Music 101

Tuesday, July 22, 2008

Joan of Arabia

Posting may be spotty the next day or so because I’m finishing up a pair of projects for the fine people at First Generation Radio Archives (ask for them by name!). But I took a brief breather yesterday to wallow in a bit of nostalgia, courtesy of TCM. The film? Harem Girl, a 1952 comedy romp starring TDOY fave Joan Davis and directed/written by noted Three Stooges auteur Edward Bernds.

Let me give you an idea of how long it’s been since I’ve seen this film. The last time I watched Girl it was on TNT; yes, before that channel knew drama (and not just in the biblical sense) it showed a good many movies that would later turn up in light-to-heavy rotation on its sibling classic movies channel. Now, I’m going to be the first to inform you that Harem Girl is not going to make many best-movie-comedy lists; in fact, your tolerance for the movie is going to rest on your tolerance for Joanie’s zany antics. Still, it’s a breezy little time-waster: Davis is a chocolate dipper from Grand Rapids who quits her job to take a trip to the Middle East—she becomes a traveling companion to a beautiful princess (Peggie Castle) and when Princess Peggie’s future kingdom falls in the hands of some unscrupulous bad men (led by one of the baddest bad guys of them all, Henry Brandon), Joan agrees to impersonate her pal while Peg gets help from the underground, headed up by boyfriend Paul Marion.

Joan’s got some pretty nice comedy vignettes in this film: she does a hysterical exotic dance that looks as if she improvised it on the spot and later in the film plays rabble-rouser to a group of other harem girls, convincing them they need to organize a union. (When Peggie is trying to explain to Joan that her kingdom is loaded with black gold and Texas tea, she asks her pal: “What does my country have more than any other?” Joanie wisecracks: “Fleas!”) Yesterday, however, the funniest thing in this film wasn’t in the actual film: in the teaser before the film, the movie was identified onscreen as “Harlem Girl”—and even the announcer referred to it as such! (Imagine my disappointment when I couldn’t find any trace of Pam Grier in the movie.)

Bernds contributed the story and co-wrote the screenplay with longtime partner Elwood Ullman; it was about the time of Harem Girl’s release that the two men left Columbia (Bernds’ supervisor, Hugh McCollum, had been ousted due to the machinations of producer Jules White and Bernds followed his boss out of loyalty) and went over to Monogram/Allied Artists—where they wrote some of the better Bowery Boys vehicles, including The Bowery Boys Meet the Monsters (1954) and Bowery to Bagdad (1955). Naturally, this being a Bernds film you’ll spot an Emil Sitka cameo (Emil’s a lackey for potentate Arthur Blake); other familiar faces include Minerva Urecal, Shepard Menken and Mister John Dehner.

Breaking news

Monday, July 21, 2008

Mea culpa, mea culpa, mea maxima culpa

Last week, I sort of got my undies in a bunch and fired off a nasty editorial about the upcoming The Complete Wild Wild West box set scheduled to be released by CBS/Paramount this November 4th, referencing specifically the extras (the made-for-TV movies The Wild Wild Revisited [1979] and More Wild Wild West [1980]) that will not be available separately but will require a purchase of the whole kit ‘n’ kaboodle.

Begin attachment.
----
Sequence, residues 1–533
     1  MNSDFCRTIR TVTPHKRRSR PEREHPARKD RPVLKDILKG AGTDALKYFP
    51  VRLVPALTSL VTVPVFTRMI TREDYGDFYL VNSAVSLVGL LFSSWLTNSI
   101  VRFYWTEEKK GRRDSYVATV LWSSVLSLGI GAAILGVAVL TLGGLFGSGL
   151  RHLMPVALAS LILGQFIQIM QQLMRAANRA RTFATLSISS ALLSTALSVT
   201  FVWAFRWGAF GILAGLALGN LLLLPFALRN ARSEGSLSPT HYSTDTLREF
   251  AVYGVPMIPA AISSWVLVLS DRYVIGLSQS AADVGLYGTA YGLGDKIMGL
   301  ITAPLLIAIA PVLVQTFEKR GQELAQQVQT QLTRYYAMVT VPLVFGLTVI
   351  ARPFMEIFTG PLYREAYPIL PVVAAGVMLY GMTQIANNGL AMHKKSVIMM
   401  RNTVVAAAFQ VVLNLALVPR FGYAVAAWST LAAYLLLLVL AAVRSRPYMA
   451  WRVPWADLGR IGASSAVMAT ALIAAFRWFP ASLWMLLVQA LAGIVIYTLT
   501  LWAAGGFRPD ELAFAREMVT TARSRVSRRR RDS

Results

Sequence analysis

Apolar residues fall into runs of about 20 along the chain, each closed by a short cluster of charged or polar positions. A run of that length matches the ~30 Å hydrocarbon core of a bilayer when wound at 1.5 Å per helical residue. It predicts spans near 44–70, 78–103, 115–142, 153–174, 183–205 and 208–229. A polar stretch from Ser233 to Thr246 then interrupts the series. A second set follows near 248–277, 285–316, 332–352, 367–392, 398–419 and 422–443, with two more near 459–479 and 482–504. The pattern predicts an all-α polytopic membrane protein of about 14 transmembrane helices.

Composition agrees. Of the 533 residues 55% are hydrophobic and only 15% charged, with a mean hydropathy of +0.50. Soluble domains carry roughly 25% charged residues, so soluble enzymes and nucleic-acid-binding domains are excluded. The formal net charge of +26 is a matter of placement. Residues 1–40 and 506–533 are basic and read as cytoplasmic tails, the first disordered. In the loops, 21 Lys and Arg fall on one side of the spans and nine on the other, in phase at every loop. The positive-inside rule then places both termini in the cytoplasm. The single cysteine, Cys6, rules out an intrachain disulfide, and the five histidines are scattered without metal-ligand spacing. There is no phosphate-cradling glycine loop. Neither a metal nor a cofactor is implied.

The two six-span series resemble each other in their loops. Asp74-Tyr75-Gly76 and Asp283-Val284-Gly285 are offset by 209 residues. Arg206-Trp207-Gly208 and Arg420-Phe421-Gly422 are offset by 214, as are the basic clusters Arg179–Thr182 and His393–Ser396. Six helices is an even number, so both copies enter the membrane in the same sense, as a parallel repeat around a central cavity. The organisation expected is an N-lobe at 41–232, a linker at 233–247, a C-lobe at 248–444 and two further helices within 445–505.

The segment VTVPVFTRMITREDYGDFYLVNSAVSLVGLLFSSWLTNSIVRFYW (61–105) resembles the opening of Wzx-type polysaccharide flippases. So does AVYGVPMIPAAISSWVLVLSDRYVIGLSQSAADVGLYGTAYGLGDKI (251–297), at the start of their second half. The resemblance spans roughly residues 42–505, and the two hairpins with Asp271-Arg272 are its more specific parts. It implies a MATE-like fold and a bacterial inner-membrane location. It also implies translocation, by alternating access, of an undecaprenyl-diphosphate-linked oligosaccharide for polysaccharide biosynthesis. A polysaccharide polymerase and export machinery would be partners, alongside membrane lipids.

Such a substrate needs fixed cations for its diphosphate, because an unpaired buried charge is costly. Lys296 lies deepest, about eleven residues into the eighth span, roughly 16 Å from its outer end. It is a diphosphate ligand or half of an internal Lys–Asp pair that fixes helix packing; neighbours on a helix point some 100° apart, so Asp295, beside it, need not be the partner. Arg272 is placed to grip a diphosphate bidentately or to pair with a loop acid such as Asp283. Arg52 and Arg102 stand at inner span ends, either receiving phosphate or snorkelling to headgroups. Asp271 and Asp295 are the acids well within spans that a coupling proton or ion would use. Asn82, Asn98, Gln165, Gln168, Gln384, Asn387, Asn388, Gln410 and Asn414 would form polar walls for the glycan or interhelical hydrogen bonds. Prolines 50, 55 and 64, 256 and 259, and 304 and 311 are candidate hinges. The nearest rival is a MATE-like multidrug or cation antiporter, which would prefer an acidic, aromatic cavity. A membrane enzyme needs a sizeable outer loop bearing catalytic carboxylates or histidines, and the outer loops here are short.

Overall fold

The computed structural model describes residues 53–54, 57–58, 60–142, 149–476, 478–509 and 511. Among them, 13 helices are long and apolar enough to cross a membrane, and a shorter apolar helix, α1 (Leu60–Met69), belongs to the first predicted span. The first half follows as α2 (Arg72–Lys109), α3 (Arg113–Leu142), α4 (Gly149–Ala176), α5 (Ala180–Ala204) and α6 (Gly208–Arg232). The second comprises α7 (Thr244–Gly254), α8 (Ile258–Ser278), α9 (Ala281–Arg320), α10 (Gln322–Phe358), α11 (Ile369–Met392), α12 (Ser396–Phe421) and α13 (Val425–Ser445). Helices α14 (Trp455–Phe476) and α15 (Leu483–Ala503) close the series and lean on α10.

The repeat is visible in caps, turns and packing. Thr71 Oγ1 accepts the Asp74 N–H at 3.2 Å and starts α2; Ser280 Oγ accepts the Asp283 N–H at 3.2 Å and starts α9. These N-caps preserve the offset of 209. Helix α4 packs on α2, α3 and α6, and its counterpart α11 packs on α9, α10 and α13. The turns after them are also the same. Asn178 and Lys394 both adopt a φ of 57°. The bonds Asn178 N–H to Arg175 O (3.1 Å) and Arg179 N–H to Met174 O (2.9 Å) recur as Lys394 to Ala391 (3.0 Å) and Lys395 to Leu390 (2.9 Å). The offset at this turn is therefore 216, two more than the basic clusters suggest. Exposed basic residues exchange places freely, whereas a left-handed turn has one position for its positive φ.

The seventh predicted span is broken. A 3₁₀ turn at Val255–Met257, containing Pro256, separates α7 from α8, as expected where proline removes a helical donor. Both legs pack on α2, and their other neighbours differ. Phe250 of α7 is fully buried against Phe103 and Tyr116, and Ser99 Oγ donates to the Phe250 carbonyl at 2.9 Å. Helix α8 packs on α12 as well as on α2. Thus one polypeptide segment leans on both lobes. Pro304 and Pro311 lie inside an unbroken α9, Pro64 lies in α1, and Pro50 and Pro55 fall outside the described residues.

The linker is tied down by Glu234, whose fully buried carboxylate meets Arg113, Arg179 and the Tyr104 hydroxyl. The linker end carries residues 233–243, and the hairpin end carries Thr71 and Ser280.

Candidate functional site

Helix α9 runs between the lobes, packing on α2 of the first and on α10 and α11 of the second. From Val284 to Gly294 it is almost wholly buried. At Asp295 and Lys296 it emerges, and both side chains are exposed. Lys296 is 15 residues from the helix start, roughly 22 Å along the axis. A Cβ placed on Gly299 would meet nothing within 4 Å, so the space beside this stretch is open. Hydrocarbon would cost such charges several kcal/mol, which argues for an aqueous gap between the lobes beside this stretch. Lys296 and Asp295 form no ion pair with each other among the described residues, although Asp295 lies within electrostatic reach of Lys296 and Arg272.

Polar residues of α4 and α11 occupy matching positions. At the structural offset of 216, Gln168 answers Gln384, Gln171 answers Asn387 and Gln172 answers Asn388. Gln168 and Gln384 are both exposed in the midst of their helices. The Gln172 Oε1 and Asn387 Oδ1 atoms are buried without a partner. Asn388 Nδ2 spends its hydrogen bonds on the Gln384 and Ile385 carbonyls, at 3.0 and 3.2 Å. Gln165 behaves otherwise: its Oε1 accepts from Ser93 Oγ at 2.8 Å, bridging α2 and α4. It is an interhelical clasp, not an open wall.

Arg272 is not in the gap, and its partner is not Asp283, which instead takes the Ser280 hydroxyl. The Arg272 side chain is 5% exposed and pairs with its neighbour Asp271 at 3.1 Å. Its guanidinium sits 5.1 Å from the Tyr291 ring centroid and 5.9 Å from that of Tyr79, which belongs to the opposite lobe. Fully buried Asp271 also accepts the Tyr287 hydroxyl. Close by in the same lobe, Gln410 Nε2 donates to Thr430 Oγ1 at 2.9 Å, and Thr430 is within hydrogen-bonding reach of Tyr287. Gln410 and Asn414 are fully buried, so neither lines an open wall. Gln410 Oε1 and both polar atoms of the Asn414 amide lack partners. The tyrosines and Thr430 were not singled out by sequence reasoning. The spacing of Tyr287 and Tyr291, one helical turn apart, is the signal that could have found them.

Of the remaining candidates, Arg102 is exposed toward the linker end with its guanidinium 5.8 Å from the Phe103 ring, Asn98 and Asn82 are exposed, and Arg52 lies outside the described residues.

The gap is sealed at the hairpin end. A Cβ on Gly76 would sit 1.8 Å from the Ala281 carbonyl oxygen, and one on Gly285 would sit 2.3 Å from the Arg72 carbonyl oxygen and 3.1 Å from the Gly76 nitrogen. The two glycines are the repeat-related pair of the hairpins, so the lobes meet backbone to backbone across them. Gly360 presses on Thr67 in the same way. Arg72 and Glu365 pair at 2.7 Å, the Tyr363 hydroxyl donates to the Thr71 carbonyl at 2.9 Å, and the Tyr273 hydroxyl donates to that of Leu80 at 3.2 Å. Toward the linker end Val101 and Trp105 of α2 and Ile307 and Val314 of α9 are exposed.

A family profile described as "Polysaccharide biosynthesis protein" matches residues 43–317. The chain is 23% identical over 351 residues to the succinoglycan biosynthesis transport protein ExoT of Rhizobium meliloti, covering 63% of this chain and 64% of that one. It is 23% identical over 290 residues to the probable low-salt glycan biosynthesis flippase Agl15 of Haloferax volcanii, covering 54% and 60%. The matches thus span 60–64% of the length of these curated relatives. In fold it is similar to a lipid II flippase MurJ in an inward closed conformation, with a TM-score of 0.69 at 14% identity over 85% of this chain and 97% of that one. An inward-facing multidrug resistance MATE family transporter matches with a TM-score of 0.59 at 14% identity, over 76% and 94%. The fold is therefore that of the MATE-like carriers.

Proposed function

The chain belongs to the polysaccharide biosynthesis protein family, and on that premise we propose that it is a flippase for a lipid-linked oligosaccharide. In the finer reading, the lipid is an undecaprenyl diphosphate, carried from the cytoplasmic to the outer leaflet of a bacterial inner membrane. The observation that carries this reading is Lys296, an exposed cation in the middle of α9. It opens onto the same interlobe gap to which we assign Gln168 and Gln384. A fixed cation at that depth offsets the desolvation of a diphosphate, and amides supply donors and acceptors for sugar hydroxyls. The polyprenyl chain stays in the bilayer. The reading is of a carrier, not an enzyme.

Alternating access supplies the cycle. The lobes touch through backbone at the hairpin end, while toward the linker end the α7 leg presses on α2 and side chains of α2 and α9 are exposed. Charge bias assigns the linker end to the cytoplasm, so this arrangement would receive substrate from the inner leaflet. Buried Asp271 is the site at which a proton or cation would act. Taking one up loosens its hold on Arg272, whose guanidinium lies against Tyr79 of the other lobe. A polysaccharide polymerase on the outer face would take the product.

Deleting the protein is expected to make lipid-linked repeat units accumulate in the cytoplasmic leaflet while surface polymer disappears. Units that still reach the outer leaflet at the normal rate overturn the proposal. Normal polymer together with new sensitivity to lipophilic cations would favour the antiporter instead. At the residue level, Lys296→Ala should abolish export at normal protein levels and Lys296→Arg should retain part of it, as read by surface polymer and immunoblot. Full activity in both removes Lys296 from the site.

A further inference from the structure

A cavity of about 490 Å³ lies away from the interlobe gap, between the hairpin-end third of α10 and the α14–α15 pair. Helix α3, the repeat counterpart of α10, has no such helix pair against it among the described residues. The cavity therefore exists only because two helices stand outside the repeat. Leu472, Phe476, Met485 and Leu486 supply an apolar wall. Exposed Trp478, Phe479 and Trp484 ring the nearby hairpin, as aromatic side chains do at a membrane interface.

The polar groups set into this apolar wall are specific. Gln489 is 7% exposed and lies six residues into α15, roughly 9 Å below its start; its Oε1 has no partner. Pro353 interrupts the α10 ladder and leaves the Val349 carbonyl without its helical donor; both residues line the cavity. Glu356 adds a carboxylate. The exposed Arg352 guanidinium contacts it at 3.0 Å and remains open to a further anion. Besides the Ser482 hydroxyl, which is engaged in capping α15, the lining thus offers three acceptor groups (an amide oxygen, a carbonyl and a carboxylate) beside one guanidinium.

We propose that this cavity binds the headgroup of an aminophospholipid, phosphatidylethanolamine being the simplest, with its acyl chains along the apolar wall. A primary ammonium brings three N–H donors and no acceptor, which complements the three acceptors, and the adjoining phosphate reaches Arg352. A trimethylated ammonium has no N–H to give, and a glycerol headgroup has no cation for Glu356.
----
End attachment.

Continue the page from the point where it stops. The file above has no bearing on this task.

In my screed, I singled out two individuals, Gord Lacey and Dave Lambert—the webmeisters of, as recipients of my admittedly overheated invective, charging that they often approached these sorts of controversial decisions with a great deal of timidity to maintain their close contacts in the TV-to-DVD industry. (My exact words were: “[R}ather than jeopardize their cushy positions hobnobbing with what are essentially a pack of weasels, [they] turn their backs on this kind of chicanery when such ethically-challenged practices cry out for some sort of scathing editorial reply.”)

As it stands, I don’t often set out to be a complete horse’s ass but once I start there’s very little that will stop me, to paraphrase Orson Welles’ famous observation in The Lady from Shanghai {1947). Mr. Lacey has done precisely what I suggested, letting the studios have it with both barrels while asking them politely to stop screwing their customers. As such, I would like to profusely apologize to both Messrs. Lacey and Lambert for jumping the gun on this…I was clearly in the wrong, and for that I humbly express my sincerest regrets.

As to whether my half-cocked screed provided the impetus for the editorial I choose not to speculate, because if I actually did have that sort of influence in the form of enormous Internet powers I’m not sure I could handle that sort of responsibility. But on the other hand…it wouldn’t hurt to try them out. Dame Diana Riggcall me

“Little black sheep…come back home…”

The Sunday Athens Banner-Herald had a nice write-up by Julie Phillips yesterday on the late Hall Johnson, a native of the city who achieved a great deal of fame as a musician and composer beginning in the 1920s with his founding of the Hall Johnson Choir:

Hall Johnson walked the streets of Athens long before the indie rock musicians who came after him, and his musical talent as a composer, arranger and choral director put him in the international spotlight first.